The slave coast of West Africa 1550-1750: the impact of the Atlantic slave trade on an African society
This book studies the impact of the Atlantic slave trade on the "Slave Coast" of West Africa, an area covering modern south-eastern Ghana, Togo, Benin, and south-western Nigeria. This region was one of the most important sources of slaves for the Atlantic slave trade, and its history provides an exceptionally well-documented illustration of the effect of the trade on the indigenous African societies of the Slave Coast. The expansion of the slave exports during the seventeenth and early eighteenth centuries coincided with a period of political disorder, which ended with the rise of the new kingdom of Dahomey. Dahomey was a more militarized and more politically centralized state than those which preceded it in the region, and its distinctive character reflected the impact of the slave trade. Law examines the events which preceded the rise of Dahomey, the organization of the slave trade and its impact on the domestic economy, and the social and political structures of Dahomey and its predecessors.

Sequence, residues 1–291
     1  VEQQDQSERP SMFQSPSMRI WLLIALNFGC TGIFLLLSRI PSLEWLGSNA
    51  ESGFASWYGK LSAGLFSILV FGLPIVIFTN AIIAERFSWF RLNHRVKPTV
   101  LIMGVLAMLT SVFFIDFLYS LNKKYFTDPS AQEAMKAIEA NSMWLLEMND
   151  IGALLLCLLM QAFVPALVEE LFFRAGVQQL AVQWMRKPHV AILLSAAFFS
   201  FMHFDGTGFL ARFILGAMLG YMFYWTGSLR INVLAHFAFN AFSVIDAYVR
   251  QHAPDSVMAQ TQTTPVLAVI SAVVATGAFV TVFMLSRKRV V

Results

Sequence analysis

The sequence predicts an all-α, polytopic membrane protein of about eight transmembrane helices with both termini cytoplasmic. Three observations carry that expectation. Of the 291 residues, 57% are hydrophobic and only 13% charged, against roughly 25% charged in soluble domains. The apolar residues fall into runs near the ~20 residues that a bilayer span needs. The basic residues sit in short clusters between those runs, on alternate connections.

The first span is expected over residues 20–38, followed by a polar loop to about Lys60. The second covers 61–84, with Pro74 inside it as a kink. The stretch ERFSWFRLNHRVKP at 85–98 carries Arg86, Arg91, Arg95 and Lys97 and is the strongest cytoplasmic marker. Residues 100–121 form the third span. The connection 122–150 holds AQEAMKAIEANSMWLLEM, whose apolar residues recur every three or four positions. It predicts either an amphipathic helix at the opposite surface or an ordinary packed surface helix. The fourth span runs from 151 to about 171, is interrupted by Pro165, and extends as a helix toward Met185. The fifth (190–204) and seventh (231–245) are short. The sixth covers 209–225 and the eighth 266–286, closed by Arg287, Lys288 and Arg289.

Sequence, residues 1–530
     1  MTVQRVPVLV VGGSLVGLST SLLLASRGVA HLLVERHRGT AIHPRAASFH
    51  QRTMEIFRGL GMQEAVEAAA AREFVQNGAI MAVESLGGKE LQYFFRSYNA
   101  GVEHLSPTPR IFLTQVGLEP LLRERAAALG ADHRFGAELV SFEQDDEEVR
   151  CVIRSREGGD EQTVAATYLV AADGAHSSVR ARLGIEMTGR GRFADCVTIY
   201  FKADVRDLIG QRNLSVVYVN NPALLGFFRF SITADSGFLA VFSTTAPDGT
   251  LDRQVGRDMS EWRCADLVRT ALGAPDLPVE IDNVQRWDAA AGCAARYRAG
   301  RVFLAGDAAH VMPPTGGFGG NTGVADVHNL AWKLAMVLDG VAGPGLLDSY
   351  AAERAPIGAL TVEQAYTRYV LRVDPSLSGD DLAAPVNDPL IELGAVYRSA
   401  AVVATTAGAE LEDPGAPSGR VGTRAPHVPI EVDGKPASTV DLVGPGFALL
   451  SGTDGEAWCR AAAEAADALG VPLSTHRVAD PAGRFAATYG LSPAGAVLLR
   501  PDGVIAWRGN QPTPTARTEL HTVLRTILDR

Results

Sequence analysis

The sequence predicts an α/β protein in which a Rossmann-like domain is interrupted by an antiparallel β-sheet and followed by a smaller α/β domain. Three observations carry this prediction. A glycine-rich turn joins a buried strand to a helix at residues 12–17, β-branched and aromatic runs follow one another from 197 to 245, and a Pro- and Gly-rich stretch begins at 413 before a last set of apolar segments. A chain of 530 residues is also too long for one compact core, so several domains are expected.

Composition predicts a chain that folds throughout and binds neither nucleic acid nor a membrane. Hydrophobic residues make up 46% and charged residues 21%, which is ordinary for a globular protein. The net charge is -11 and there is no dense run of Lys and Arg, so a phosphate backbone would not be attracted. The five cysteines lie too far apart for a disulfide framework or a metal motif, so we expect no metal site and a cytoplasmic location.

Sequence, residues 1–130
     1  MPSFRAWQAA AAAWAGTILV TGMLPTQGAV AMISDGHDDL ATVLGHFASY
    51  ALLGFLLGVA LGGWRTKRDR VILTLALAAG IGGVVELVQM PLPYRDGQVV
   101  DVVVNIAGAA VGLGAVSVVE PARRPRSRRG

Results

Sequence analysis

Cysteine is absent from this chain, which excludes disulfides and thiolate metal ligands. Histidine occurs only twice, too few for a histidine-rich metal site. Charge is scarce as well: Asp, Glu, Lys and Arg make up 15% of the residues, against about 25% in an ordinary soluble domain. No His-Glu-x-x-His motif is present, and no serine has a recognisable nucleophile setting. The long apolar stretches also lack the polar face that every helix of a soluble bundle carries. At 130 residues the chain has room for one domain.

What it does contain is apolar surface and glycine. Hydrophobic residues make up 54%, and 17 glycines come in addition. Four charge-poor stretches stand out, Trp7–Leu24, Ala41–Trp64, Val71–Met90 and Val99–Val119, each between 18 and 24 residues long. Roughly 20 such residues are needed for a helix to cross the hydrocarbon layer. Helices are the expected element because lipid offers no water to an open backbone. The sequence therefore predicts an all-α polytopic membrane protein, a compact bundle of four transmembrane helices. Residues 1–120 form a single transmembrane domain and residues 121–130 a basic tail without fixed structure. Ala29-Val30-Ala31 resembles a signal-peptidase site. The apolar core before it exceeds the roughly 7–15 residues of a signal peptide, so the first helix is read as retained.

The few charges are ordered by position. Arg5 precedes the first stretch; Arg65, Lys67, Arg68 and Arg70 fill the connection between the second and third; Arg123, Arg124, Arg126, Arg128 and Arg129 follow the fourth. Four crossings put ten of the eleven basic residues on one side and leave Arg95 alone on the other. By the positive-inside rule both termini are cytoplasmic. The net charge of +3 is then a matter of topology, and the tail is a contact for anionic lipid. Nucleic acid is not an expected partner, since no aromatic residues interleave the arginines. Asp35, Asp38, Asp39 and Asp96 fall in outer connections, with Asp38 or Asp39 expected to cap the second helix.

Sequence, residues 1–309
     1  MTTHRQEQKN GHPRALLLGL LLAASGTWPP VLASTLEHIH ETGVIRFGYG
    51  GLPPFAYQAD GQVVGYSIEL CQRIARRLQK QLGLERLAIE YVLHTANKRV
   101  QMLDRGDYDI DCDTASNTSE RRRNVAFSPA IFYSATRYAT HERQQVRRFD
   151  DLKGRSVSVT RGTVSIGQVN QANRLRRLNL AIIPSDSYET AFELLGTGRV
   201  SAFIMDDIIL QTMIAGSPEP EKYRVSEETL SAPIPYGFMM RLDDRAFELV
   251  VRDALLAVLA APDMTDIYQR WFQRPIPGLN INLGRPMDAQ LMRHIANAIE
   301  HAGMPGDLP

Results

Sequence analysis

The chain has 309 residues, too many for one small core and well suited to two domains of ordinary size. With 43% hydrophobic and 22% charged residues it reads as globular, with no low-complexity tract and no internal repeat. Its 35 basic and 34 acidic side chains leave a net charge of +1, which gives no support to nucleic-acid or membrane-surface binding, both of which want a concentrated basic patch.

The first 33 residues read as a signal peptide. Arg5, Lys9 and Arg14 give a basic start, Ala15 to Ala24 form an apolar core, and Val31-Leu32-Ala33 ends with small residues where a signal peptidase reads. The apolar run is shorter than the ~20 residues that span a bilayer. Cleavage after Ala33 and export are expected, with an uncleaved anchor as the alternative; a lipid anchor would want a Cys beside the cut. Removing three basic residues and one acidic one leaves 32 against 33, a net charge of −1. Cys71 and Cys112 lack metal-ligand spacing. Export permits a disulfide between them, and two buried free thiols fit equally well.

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Abomey Agaja Akinjogbin akori Akwamu Allada and Whydah anonymous Frenchman appears Atlantic Slave Trade Badagry Barbot Benin Bosman Captain cargo Chenevert and Bullet chiefs coastal contemporary cowries cult Dahomian Dahomian conquest Dalzel Dantzig Dapper Delbee Description Dutch Dutch factor earlier Elmina English factor European trade evidently factor at Whydah Flux et reflux French Glehue Gold Coast grand cabess Herisse Hertogh Huffon indigenous Jakin Journal Keta king of Allada King of Dahomey king of Whydah king's kingdom L'Ancien Royaume lagoon later Little Popo Marchais Memoirs Naukeurige Beschrijvinge Norris noted Ofori Phillips political Porto-Novo Portuguese presumably price of slaves purchase Rawlinson c.745 Relation du Royaume reported Robin Law Royal African Company Royaume de Judas Savi seventeenth century ships Slave Coast slave trade Snelgrave sources supply of slaves Tado Tegbesu trade at Whydah Verger Voyage West African western Slave Coast William Baillie wives Yoruba